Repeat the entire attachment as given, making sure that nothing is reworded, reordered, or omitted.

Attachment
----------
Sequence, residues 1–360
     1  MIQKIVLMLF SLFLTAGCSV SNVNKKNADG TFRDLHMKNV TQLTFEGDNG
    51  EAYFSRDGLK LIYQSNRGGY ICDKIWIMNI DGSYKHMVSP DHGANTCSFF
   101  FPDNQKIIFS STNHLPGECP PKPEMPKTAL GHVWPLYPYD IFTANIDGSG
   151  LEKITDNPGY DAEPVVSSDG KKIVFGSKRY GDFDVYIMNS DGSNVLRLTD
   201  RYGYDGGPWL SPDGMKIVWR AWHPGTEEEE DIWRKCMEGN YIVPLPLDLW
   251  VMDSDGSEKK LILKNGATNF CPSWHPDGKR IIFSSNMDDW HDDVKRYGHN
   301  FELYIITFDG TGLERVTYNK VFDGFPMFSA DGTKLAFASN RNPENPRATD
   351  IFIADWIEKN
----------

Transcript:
Sequence, residues 1–360
     1  MIQKIVLMLF SLFLTAGCSV SNVNKKNADG TFRDLHMKNV TQLTFEGDNG
    51  EAYFSRDGLK LIYQSNRGGY ICDKIWIMNI DGSYKHMVSP DHGANTCSFF
   101  FPDNQKIIFS STNHLPGECP PKPEMPKTAL GHVWPLYPYD IFTANIDGSG
   151  LEKITDNPGY DAEPVVSSDG KKIVFGSKRY GDFDVYIMNS DGSNVLRLTD
   201  RYGYDGGPWL SPDGMKIVWR AWHPGTEEEE DIWRKCMEGN YIVPLPLDLW
   251  VMDSDGSEKK LILKNGATNF CPSWHPDGKR IIFSSNMDDW HDDVKRYGHN
   301  FELYIITFDG TGLERVTYNK VFDGFPMFSA DGTKLAFASN RNPENPRATD
   351  IFIADWIEKN